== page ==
The etymological meaning of the word ‘sāhitya’ is sahitasya bhāvaḥ – the union of several entities. In popular usage, however, it has come to mean a literary work—comprising genres like prose, verse, drama, and novel—that induces delight in its readers. Sāhitya is equivalent to the English word ‘literature.’
देडूकच्छेदनाद्वा विशति यदि गृहं तत्र नो नो विचारः |
किं त्वस्माकं सुरङ्गाकलनयति पुरे घोषयामास यस्मा
त्तस्मादेतत्सुरङ्गाधिप इति बिरुदं प्रोचुरेतत्पुरस्थाः ||
Nature Myths: In novels like ‘Vamshavruksha’, Jalapatha’, ‘Grahana’, ‘Datu’, ‘Parva’, ‘Nirakarana’, ‘Nele’ and some other novels, nature myths, natural phenomena and natural features like rain, spring or change of seasons, rivers, floods, cataracts, eclipses, mountains have been used effectively to reveal the influence of nature on the human situation.
नारायणस्य शय्यायां भोजनं स्यात्तु नोचितम् |
कथं साधु तदीयादिजन्मभक्षणमेव वः ||
The use of myth in ‘Saakshi’ also functions beautifully at another level by equating the mythical and magical power with the creative power of disinterested observation in an artist (novelist). This reminds me of what Coleridge says ‘’about the magical power of creativity, the power of an artist, in his poem ‘Kublakhan’:
‘That with music loud and long
I would build that dome in air,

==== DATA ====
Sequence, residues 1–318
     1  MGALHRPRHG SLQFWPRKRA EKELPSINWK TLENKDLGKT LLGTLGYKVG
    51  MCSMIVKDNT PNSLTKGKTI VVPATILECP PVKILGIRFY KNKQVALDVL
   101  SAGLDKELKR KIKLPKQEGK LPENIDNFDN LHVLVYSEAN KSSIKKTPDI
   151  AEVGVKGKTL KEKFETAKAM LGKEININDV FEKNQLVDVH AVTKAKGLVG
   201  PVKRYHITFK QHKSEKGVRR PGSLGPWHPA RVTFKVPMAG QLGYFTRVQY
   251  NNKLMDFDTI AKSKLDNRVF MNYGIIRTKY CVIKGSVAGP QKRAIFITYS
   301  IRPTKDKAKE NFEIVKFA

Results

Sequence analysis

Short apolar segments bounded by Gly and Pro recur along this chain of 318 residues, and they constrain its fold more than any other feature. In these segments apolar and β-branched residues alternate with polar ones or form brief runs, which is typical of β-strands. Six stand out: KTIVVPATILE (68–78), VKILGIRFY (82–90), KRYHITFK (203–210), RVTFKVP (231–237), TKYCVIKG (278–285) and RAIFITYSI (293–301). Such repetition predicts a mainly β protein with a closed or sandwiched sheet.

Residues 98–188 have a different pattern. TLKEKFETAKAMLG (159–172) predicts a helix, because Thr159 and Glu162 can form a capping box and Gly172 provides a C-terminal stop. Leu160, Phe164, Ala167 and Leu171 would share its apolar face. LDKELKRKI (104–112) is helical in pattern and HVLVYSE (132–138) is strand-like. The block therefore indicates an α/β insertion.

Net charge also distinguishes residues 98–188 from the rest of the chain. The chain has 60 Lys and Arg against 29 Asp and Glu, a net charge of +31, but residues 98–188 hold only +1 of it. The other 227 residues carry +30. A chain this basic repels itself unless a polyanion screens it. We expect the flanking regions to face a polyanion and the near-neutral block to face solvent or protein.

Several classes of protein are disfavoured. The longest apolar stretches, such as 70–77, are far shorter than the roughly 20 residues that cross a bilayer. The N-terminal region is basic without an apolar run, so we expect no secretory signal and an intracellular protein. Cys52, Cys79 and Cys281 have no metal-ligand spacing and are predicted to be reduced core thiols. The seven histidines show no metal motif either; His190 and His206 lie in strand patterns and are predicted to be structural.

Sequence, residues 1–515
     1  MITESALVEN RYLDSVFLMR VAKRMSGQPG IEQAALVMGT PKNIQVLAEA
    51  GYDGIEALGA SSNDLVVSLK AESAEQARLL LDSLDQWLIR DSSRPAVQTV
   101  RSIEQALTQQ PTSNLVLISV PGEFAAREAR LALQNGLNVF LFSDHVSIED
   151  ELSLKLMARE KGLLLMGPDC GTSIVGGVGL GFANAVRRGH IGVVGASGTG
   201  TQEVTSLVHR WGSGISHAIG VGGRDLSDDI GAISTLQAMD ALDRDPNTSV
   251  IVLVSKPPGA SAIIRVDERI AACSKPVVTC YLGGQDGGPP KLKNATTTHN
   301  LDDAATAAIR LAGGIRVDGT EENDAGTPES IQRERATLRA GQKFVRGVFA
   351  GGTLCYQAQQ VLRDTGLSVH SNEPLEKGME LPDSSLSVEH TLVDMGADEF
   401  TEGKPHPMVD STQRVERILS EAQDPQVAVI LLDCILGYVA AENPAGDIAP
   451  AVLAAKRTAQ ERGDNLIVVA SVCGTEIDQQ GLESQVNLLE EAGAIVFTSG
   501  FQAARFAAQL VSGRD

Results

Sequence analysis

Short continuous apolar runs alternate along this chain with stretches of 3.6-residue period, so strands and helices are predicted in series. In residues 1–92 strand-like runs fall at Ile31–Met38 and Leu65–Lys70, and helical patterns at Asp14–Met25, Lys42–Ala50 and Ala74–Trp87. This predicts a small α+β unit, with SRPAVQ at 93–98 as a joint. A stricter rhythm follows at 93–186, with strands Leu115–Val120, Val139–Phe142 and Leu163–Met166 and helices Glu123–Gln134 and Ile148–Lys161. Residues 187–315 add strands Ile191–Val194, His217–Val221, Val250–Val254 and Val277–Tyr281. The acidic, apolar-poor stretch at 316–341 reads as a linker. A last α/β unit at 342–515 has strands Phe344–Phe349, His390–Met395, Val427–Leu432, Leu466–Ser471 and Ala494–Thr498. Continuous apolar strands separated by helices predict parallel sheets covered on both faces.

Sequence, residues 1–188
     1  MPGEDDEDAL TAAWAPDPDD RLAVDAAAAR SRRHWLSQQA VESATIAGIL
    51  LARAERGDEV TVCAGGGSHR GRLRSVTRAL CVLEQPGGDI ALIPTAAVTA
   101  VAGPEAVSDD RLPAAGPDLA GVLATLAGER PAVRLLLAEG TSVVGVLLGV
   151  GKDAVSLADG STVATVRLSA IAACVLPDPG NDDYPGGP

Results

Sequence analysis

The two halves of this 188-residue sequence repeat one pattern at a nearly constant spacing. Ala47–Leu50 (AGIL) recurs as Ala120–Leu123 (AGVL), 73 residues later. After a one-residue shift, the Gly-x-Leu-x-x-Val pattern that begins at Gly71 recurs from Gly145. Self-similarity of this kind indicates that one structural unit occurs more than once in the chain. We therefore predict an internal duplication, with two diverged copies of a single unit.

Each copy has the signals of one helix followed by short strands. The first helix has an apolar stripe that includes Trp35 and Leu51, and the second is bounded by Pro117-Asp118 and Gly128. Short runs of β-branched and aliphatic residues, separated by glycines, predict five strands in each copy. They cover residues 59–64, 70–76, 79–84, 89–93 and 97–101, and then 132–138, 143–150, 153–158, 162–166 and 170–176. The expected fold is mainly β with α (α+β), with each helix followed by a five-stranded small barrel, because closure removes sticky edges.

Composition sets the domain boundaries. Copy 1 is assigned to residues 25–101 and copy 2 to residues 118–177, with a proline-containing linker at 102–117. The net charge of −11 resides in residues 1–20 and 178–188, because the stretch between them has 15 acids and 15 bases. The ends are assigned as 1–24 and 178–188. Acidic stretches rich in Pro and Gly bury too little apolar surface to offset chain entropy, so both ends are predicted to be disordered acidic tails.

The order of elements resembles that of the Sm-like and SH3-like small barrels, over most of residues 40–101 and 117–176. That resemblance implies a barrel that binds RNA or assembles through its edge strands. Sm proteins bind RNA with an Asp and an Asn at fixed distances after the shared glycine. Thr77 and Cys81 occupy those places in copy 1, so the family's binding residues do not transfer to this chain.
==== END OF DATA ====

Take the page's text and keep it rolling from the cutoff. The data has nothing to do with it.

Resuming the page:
That Sunny dome! Those caves of ice;
And all who heard should see them there
And all should cry, Beware! Beware!
His flashing eyes, his floating hair!
Myth has become a prominent term at present in literary criticism. A large group of writers, myth-critics like Robert Graves, Francis Ferguson, Maud Bodkin, Richard Chase, Northrop Frye, Joseph Campbell and others view the genres and individual plot patterns of many works of literature - including what appear on the surface to be highly sophisticated and realistic world, as recurrences of basic mythic formulas.
भूत्वा पौल्कसकात् प्रपद्य रजकानाभाष्य पौराणिकान्
गानस्थानमुपेत्य चाशुकरणानालिङ्ग्य नत्वा कवीन् |
वेश्यासद्मनि संप्रविश्य च गता वैद्यस्य पाणिग्रहं
भूयो हन्त ! सुवर्णकारसदने सानन्दमास्ते मृषा ||
माणिक्यक्रमणं लोके मङ्गलाय भवेत्किल |
मङ्गले सहजेsस्माकं माणिक्यात्किं प्रयोजनम् ||
पूषवाडान्वयाब्धीन्दो स्वस्ति नारायणप्रभो |
नेत्रे गात्रे तथा श्रोत्रे वक्त्रे पुष्पेषुशोभ ते ||
यागक्रियार्थं खलु वृक्षराजो
वर्णक्रियार्थं खलु भृङ्गराजः |
तुलाक्रियार्थं खलु विट्तराजो
न किञ्चिदर्थं भुवि नर्सराजः ||
Naḍimiṇṭi Maṅgaleśvaraśāstri was a scholar, who was born in a town called Nāgūru of the Pārvatīpura province in the Viśākhapaṭṭaṇam district of the erstwhile Andhra Pradesh. He lived in the 19th century and was an authority on language and grammar. In his wit, he was like the famous Rāmakṛṣṇa of Tenāli.